For people out there with ideas, dreams and ambitions to follow their own path, have you any advice on how to get started?
In a feature in Volume Nine: The Wilderness Volumes, someone told us, “what you fill your days with is what you fill your life with.” It's so true, and I’d urge anyone to take the time to figure out what it is that makes them feel happy and fulfilled in life.But I think that when people say “follow your own path”, many understand it to mean jack it all in and start your own business. It can mean this, but it needn’t. It needn’t be a rushed decision either; a lot of people, even deep into adulthood, still haven’t quite figured out what they want to be when they grow up, and that’s fine too. Lots of the people we speak to for Another Escape didn’t begin what they are doing until they were in their 40s or 50s. It’s refreshing to realise that there are many chapters to our lives and each can have a slightly different narrative. On a more practical note, however, if setting up a business is something you’re considering, I’d say it’s best to be prepared. Venturing out into a new field or business can often mean sacrificing in other areas of your life while you invest time, energy, and even money into what you’re pursuing. You also need to be smart about things: do research, speak to others in the field, really be sure that this is your passion. Not everyone would consider themselves an entrepreneur but setting up a new venture demands entrepreneurial skills and spirit. Be prepared. Be smart. Be confident. And when you are ready, go for it.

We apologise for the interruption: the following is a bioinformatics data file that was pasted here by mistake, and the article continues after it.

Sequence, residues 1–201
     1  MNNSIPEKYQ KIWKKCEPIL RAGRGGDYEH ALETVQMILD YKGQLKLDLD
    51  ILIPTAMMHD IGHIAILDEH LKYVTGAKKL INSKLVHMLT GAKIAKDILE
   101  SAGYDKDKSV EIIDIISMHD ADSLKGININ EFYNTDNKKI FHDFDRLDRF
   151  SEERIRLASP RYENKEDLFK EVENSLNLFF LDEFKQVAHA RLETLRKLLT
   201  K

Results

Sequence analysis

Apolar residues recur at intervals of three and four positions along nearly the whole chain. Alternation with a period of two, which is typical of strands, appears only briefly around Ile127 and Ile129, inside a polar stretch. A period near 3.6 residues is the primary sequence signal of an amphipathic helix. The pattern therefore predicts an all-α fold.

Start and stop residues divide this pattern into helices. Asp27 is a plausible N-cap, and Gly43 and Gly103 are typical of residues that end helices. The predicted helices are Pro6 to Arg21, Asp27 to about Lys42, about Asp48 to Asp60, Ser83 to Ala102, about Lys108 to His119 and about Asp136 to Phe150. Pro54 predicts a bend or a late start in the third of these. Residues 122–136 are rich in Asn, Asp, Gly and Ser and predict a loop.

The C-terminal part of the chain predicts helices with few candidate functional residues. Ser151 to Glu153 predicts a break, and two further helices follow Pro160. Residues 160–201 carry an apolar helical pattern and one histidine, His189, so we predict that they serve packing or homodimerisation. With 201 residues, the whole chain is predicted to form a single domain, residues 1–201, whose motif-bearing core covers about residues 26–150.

What is your hope for Another Escape, where do you see the brand developing in the future?
We’d like to continue to grow our readership and community. Building a community of like-minded people is something that we are currently working on, and hopefully in the future this will means more events, more collaborations and partnerships in whatever sense, and generally getting more people feeling curious, creative, and excited about their connection with nature and the great outdoors.
Over the past five years, we’ve learnt that it’s great to have a vision but it is also necessary to be adaptable and open to opportunity. So, although we don’t know exactly where we’ll be in ten years time, we feel that as long as we are still inspiring people, we’re on track.